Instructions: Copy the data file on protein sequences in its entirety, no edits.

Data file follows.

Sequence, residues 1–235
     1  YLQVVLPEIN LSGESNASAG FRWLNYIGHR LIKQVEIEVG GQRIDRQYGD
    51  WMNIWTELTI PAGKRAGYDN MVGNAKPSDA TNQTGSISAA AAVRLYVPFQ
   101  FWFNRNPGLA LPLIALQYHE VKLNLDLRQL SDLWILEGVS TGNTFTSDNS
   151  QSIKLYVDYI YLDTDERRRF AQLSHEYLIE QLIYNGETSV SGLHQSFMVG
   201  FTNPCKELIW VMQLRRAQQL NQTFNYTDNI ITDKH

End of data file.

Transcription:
Sequence, residues 1–235
     1  YLQVVLPEIN LSGESNASAG FRWLNYIGHR LIKQVEIEVG GQRIDRQYGD
    51  WMNIWTELTI PAGKRAGYDN MVGNAKPSDA TNQTGSISAA AAVRLYVPFQ
   101  FWFNRNPGLA LPLIALQYHE VKLNLDLRQL SDLWILEGVS TGNTFTSDNS
   151  QSIKLYVDYI YLDTDERRRF AQLSHEYLIE QLIYNGETSV SGLHQSFMVG
   201  FTNPCKELIW VMQLRRAQQL NQTFNYTDNI ITDKH